Director of the Child Care and Protection Agency (CPA) Ann Greene said losing brothers, six-year old Joshua George and two-year- old Antonio George, in a fire last year at the Children’s Drop-in Centre was the biggest downfall of the agency in 2016.
The two brothers were housed at the centre on Hadfield Street, Georgetown which is administered by CPA after being taken from their mother by the Ministry of Social Protection’s Welfare department. Most of the children managed to escape, but the two boys remained trapped in the building during the fire.
Greene remorsefully noted that the CPA is still trying to get over the loss of the two children. “We would probably never get over it, because it is such a tragedy to have lost those two children. However, we will work to ensure this never happens again.”
The CPA Director added that the loss of the children also affected the staff at the Drop-in-Centre, as well as the CPA, and many changes were made and shortcomings addressed to prevent its recurrence.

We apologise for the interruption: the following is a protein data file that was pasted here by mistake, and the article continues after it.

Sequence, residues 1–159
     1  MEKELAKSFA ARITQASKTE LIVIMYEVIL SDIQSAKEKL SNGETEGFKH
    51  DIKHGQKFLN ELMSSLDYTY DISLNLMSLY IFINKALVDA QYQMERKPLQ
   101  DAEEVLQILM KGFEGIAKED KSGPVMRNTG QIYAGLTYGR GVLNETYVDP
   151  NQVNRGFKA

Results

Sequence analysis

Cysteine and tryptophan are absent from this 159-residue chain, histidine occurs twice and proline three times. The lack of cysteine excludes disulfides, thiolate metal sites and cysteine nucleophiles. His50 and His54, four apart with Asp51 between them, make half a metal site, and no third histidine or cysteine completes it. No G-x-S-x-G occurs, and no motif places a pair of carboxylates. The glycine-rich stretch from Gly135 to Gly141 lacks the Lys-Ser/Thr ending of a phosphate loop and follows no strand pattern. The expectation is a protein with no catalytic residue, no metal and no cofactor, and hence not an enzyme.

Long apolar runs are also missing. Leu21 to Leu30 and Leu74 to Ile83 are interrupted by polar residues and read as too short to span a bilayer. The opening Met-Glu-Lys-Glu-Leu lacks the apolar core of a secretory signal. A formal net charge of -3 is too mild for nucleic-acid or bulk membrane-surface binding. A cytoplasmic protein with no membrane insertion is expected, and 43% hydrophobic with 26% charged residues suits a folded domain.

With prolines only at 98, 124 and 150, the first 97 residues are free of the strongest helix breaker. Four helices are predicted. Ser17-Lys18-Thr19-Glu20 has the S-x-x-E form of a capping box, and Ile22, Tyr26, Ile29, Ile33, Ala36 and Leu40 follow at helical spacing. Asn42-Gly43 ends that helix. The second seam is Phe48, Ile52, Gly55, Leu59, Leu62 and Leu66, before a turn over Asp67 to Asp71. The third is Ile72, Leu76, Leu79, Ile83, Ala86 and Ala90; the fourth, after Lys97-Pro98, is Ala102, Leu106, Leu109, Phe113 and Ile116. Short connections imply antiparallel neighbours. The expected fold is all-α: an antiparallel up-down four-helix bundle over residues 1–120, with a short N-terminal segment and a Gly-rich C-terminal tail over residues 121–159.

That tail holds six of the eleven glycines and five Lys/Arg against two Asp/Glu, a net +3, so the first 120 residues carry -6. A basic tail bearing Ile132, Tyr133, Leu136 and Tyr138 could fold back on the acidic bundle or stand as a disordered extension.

Greene highlighted that in the child care protection profession, when a child is in safe keeping, and dies, especially by fire, the only thing that keeps a child protection officer going is the thought that other children need them to be there for them.
“The work never stops, this work is no easy one, and it is one of the most risky roles in the public sector today, because it has a lot to do with public opinion. Many times it is subject to media bashing, some of which are unfair. Nevertheless, we will try our best with the resources we have to provide better care for our children in Guyana.”
Despite this struggle the CPA has seen some success in 2016. Greene pointed out that as at October 2016, there were 3,294 cases of child abuse the agency responded to, Greene said.
Moreover the CPA reported that during the period January to October 2016, the country saw 4,259 cases of which 3,209 were related directly to child abuse, whereas 965 recorded reports related to other welfare matters, including child trafficking and child labour.
The CPA director said the agency will be upping its game in 2017 to better protect children.